It is always difficult to state with any certainty the direction that venture capital funding will take, as the economic climate and market trends have varied quite a bit over the last few years. Nonetheless, there has been a noticeable increase in the number of financial-technology companies, commonly called "FinTech,” and venture capitalists seem to be quite interested in funding these popular new endeavors. FinTech just may be the future of venture capital, and here are a few reasons why that may be the case:
Between the bank bailouts and the increasingly strict lending standards that resulted from the financial fallout, a lot of people are disillusioned with the traditional banking system, startup founders included. Fortunately, with the advent of FinTech, it is no longer necessary to jump through the many hurdles that banks impose to obtain a fairly basic business loan. And, it actually seems like a lot of the folks that worked as investment bankers, and in other financial analyst positions at the big corporations that nearly imploded, are the very individuals who have decided to break out of the traditional financial realm and spearhead some of these innovative FinTech companies. Thus, it is no wonder that so many businesses are looking elsewhere for funding and that venture capital has obliged in making these alternative possibilities a reality.
Demand on Dual Fronts
Granted, a lot of entrepreneurs have created FinTech companies for the benefit of other entrepreneurs. However, it is not just companies that want the alternative funding and financial services that so many FinTech companies offer. There are plenty of consumer-oriented enterprises cropping up as well. After all, consumer demand for mobile-friendly technology in conjunction with frustrations over the previous meltdown, stringent standards, and seemingly harsh lending terms have made FinTech companies a rather attractive option. There are companies that are not only willing to lend to consumers, but even offering unusual refinancing opportunities for things like student debt, which until recently, had never been done.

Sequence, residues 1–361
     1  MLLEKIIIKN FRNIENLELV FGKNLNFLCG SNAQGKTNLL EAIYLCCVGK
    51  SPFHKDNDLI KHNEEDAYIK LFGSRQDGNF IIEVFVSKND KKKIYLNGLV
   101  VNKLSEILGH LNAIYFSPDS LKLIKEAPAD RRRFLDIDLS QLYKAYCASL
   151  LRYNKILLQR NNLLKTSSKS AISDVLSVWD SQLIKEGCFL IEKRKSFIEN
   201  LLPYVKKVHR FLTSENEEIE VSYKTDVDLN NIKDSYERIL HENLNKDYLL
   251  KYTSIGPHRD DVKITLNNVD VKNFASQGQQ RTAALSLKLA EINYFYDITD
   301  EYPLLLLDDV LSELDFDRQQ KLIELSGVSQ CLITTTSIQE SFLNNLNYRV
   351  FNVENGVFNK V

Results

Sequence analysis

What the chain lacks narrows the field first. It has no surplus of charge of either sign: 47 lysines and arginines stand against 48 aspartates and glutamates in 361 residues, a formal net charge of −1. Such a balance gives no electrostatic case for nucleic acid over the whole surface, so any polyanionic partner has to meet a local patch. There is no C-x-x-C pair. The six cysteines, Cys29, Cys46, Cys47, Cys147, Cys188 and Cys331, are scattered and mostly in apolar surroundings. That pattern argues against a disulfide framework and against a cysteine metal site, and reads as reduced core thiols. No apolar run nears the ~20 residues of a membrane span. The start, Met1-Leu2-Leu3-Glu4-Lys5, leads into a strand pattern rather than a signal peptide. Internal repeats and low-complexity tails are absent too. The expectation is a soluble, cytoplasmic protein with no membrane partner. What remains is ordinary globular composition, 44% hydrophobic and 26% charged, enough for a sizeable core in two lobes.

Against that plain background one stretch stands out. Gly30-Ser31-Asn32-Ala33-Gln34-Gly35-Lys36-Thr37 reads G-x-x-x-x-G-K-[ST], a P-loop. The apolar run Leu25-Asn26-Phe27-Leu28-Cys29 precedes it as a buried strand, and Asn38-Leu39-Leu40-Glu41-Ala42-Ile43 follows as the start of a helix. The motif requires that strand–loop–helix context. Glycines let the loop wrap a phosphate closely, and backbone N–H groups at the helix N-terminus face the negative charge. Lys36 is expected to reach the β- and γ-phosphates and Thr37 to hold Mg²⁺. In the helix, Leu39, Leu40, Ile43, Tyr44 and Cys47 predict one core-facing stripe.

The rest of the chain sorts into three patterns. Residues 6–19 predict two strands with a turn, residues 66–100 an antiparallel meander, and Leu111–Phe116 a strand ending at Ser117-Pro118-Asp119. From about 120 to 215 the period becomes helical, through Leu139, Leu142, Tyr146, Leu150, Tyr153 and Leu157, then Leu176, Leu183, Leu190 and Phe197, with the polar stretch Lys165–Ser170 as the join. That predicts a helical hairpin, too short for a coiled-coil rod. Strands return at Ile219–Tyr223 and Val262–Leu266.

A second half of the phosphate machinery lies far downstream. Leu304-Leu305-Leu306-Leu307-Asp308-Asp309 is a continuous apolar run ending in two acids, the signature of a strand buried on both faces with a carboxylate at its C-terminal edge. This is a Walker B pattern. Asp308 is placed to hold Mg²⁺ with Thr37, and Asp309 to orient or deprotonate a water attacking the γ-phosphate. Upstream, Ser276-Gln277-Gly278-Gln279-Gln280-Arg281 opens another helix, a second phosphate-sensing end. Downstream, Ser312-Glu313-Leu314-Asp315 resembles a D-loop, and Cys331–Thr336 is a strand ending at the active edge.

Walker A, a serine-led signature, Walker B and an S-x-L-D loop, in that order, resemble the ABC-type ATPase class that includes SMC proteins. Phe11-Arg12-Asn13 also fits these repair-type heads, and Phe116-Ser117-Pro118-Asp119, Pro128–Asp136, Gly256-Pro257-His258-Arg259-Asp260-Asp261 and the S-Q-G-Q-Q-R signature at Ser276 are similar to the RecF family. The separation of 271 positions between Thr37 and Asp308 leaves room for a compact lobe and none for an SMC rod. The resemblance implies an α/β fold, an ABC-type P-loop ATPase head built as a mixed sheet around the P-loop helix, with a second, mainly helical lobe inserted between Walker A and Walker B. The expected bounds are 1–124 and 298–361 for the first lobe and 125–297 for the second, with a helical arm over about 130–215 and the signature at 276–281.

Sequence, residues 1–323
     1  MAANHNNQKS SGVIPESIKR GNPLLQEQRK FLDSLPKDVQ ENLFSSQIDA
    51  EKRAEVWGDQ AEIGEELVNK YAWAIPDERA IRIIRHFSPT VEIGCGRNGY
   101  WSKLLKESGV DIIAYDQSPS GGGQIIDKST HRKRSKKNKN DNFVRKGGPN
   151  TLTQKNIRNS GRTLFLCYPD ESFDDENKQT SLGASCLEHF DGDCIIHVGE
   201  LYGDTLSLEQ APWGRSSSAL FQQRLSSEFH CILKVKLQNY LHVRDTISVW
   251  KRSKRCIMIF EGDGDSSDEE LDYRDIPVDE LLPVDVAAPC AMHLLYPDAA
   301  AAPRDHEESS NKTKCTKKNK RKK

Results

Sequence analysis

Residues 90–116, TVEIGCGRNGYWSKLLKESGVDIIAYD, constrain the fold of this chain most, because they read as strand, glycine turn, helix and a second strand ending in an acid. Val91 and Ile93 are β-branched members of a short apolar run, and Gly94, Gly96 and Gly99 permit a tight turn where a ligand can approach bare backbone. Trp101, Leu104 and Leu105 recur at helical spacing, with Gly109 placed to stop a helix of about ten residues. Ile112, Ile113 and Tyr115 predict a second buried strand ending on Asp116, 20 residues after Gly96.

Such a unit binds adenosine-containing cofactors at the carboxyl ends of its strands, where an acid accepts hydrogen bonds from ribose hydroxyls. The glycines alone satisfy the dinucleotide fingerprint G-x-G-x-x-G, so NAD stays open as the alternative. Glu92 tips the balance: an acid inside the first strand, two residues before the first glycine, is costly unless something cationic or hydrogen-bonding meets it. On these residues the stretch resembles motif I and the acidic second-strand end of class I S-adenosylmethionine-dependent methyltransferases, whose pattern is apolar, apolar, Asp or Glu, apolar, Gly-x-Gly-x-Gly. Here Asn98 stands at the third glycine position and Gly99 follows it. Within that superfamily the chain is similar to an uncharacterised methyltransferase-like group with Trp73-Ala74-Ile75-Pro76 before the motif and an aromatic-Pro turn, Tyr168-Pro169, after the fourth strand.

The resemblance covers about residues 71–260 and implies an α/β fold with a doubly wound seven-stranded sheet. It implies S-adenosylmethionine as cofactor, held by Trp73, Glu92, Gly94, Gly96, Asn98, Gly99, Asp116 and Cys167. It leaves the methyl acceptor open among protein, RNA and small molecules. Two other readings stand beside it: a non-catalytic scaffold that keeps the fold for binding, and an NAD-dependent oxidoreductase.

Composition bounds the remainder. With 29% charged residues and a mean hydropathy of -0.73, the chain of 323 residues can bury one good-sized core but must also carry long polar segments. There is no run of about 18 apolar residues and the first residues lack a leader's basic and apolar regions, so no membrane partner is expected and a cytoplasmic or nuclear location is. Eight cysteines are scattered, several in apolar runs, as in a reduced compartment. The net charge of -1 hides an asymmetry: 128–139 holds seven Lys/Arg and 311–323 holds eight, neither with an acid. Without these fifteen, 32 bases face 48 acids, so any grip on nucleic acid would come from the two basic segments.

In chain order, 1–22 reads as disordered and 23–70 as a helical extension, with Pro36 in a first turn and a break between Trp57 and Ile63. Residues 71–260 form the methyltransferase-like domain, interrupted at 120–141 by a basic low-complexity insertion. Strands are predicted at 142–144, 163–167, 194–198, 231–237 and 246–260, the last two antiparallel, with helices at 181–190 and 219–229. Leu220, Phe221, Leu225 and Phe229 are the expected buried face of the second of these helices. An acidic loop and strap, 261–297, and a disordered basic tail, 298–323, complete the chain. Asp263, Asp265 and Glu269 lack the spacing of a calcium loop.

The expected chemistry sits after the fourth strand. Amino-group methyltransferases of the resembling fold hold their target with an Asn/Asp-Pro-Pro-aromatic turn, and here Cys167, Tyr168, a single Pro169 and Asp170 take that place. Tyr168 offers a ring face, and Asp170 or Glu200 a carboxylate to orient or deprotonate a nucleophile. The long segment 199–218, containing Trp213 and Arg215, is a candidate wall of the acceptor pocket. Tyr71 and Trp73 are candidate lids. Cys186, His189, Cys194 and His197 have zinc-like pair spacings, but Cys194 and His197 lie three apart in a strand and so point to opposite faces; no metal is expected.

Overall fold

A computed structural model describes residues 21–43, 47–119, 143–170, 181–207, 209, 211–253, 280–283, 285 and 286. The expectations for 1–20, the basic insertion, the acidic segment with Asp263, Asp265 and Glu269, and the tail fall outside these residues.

Interestingly, the FinTech movement has gained so much momentum that the Office of the Comptroller of the Currency, an independent bureau that is housed within the federal Treasury Department, announced its intention to analyze the sector to determine whether a regulatory framework might be appropriate, and if so, how that sort of framework should be developed and implemented. This is clearly an indication of the growing prevalence of FinTech and its potential to impact the domestic and international economy. Hopefully, this transformative financial approach will not be regulated beyond recognition.
Perhaps one of the most unique aspects of FinTech is its ability to transcend borders. By taking financial services to the world wide web, it may be a bit easier to circumvent some of the regulatory complexities. Of course, this may have both positive and negative implications, depending on which side of the transaction a company falls. Fortunately, because of the worldwide surge in FinTech companies, with markets appearing in major cities across the globe, countries are being forced to collaborate to eliminate certain barriers, ensure efficiency, and provide some level of regulatory protection.
At this juncture, even though FinTech is humming along quite nicely, it actually seems like this may just be the beginning of a novel financial system.